nicely. After all, you can’t blame
the little ladies for being some
what embroiled when they discov
ered that two heartless wretches
had secreted themselves in the pro
jection booth for the purpose of
recording on film the solemn oc
casion. No one will ever be able
to convince that little cop who
orated through the closed door,
that our motives were anything
,short of downright villainous. In
an exclusive interview immediate
ly following the ejection, she made
temarks about our ancestry, past
history and probable future destin
ation which indicated that our pop
ularity with her was approximate
ly that of poison ivy in its most
Nor will ttie imprudent one who
thrust her fingers into the aper
ture through which were shooting,
ever be convinced that we did not
deliberately jam her little finger.
Really, lady, that was an awfully
sily thing to do.
Summing it up, the net conse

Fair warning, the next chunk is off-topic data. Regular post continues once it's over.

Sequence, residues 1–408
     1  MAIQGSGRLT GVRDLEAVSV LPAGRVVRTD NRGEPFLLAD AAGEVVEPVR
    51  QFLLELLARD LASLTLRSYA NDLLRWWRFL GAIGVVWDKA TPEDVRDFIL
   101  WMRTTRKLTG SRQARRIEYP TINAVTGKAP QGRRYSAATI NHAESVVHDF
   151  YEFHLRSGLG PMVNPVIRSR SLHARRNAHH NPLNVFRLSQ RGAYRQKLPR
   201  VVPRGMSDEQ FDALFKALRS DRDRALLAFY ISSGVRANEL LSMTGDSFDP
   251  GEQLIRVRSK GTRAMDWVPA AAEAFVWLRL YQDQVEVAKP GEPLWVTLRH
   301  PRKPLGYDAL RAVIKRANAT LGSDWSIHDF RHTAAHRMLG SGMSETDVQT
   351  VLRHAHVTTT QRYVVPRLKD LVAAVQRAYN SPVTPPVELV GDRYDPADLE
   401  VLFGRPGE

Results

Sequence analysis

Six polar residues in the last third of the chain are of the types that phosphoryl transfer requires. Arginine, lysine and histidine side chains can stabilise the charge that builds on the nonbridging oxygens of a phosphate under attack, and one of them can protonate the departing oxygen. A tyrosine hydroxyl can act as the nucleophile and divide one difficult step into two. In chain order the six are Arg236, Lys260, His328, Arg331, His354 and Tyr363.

quences seem to have been divers
acute attacks of apoplexy on the
part of the senior cops, a couple of
badly startled ladies serenely re
posing in the balcony, and the con
fiscation of two cameras and the
attachments thereof by the munici
pal police. We are not overly con
cerned about the apoplexy and the
ladies will regain their composure
but doggone! we sure hate to lose
that film. It was the nearest ap
proach to an epic of which we
SWAGE WRITES BOOK
Carlton Savage, president of the
University of Oregon student body
during his senior year in 1920-21,
is the author of a recently pub
lished book entitled "The Policy of
the United States Toward Mari
time Commerce in War.1’ Savage
had an appointment with the re
stage** >* 8:45P M
THE TEN COMMANDERS
“MEN’S DORM NIGHT”
Tickets for Hofmann
Piano Concert Will Co
(hi Sale February I
Tickets for the concert to be
given February 10 by Josef Hof
mann, world famed pianist, at
McArthur court are to lie placed
on sale Monday, February 4.
They can be secured at the
graduate manager's office in
McArthur court or at McMor
ran and Washhurne’s department
Prices for reserved seats are
SI.10. General admission seats
are to be sold at 55 cents. All
student body members will be
admitted free to the concert.
search and publication division of
U.e state department in Washing
tain in 1927 to compile material for